Object name: NGC6910

Designation(s): NGC6910,

NGC 6910 is an open star cluster in Cygnus. Cygnus is either a Swan or the Northern Cross depending on how you look at it. Where the cross arms meet or where the wings and body meet on the swan is the star Gamma Cygni also known as Sadr. Around this star is a huge HII region usually just called the Gamma Cygni complex. NGC 6910 is in this part of the constellation. When a club member (Earl Moser) first pointed it out to me in the mid 60's he called the Stickman Cluster. Visually it does look like a stick man though his arms are very short, one carries a bright light. He seems to have a fog light on one foot to help see through all the hydrogen I suppose. Rotate the photo a bit over 90 degrees clockwise to see him standing up. Visually you don't notice the hydrogen at all. Most photos don't show it either as it is very faint. But by using my Hydrogen Alpha filter that shows only hydrogen light it shows up nicely. One source puts it about 3700 light-years distant with an age of about 13 million years. It is reddened by nearly a magnitude yet its stars still look blue. A sign it is a rather young cluster as the age of 13 million years indicates. It was discovered by William Herschel on October 17, 1786. It isn't in either H400 program.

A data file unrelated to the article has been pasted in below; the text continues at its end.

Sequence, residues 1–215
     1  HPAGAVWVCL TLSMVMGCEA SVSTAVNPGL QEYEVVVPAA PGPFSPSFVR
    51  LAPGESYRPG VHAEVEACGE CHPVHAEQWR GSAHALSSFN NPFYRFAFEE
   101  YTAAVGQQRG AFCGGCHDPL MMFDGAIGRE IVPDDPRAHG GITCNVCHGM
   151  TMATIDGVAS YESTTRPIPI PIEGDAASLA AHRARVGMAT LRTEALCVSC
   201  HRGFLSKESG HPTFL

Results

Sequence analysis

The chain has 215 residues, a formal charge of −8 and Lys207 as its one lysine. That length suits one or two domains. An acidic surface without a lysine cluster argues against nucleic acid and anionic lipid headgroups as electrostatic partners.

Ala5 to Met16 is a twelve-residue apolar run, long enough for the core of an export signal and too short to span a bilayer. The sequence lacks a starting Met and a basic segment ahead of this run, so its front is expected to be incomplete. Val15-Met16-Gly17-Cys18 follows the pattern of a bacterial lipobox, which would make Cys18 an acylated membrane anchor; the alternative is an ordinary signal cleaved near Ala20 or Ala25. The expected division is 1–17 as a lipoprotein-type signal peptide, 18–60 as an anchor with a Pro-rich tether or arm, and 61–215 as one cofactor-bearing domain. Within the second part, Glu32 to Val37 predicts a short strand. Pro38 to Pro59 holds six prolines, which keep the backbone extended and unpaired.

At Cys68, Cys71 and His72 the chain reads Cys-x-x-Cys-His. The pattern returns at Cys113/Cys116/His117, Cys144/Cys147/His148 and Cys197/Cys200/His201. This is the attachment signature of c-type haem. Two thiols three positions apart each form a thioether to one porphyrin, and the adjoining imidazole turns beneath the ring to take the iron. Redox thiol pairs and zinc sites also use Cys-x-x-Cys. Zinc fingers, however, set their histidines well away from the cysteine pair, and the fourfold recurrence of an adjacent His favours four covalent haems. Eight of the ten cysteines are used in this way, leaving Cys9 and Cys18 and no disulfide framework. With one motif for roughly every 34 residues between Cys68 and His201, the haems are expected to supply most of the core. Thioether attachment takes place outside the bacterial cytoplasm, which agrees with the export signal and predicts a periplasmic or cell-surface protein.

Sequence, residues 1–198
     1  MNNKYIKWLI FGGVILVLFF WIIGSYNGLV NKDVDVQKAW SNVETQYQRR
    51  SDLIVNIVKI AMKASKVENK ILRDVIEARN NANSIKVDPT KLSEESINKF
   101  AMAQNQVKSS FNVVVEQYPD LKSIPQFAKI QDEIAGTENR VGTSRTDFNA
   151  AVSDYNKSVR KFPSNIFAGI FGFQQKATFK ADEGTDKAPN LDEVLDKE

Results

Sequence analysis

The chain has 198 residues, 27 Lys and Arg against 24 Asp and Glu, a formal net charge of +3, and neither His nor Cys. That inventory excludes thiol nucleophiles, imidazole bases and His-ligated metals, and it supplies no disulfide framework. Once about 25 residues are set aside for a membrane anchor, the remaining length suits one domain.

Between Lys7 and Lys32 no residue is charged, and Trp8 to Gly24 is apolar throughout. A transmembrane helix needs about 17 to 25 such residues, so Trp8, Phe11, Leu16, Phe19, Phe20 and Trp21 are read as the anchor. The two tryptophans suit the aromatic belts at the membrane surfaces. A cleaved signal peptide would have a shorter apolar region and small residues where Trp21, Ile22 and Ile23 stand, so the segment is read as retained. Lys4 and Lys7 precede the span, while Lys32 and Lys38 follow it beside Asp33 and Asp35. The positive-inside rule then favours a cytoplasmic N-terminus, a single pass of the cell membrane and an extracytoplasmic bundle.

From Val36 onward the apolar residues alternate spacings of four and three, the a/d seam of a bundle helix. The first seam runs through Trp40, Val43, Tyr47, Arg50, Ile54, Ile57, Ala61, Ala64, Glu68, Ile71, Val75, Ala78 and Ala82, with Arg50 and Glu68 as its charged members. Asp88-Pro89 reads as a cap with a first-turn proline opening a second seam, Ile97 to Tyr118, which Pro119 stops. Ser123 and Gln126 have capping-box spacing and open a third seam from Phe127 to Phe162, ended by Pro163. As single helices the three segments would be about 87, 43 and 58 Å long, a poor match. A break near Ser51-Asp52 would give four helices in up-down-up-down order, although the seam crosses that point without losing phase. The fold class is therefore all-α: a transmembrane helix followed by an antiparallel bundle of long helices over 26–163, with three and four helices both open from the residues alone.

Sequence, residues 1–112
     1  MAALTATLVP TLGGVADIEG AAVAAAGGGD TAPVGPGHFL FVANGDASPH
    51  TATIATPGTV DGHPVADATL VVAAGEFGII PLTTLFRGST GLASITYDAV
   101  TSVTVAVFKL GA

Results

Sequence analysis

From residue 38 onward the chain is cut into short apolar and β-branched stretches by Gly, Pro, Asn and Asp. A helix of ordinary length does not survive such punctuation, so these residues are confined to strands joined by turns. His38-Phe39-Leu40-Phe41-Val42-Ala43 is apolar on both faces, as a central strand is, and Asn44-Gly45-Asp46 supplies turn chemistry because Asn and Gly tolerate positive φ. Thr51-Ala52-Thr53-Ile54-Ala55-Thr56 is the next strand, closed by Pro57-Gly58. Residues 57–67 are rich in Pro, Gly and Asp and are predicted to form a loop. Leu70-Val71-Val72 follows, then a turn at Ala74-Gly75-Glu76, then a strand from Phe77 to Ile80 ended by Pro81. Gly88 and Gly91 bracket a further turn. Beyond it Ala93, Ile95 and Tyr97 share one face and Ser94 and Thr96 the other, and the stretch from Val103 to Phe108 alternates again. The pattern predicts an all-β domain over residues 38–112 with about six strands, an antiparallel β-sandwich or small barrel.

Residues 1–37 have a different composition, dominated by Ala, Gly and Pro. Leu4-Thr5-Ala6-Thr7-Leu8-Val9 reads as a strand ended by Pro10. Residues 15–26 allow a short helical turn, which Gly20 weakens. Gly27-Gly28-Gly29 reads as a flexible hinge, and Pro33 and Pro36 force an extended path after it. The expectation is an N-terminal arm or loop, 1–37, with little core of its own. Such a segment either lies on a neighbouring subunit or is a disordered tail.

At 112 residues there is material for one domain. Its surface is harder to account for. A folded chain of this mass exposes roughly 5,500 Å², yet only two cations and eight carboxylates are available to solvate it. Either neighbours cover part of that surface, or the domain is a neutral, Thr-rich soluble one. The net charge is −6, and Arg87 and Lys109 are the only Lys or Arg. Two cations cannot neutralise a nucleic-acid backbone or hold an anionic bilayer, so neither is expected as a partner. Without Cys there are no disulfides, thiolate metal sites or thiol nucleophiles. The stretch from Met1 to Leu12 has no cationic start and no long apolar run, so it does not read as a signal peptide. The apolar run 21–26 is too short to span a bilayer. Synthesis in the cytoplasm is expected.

Visually I saw no hint of the hydrogen alpha emission seen in my image. It is rather faint but the main reason it isn't seen visually is that our eyes are quite insensitive to the very deep red color of H alpha light. While my camera has a problem with deep red as well it is nowhere near as bad as our eye's at this frequency and by isolating this frequency, blocking all others, I can take 60 minutes of data without it being lost in the colors it sees better. Our eyes are limited to what they see in about 1/10th of a second. So even using such a filter won't help visually. In fact, we see other wavelengths such as OIII and H beta far better and there are filters for these that can help see faint emission objects. Our eyes are very sensitive to teal and blue compared to deep red so we can see these other colors even if they are much fainter. The camera isn't fooled like the eye so it sees the dominant H alpha with the other colors lightening it up so it's no longer deep red but still quite red.

14" LX200R @ f/10, L=4x10' RGB=2x10', STL-11000XM, Paramount ME

Related Designation(s):

NGC 6910, NGC6910,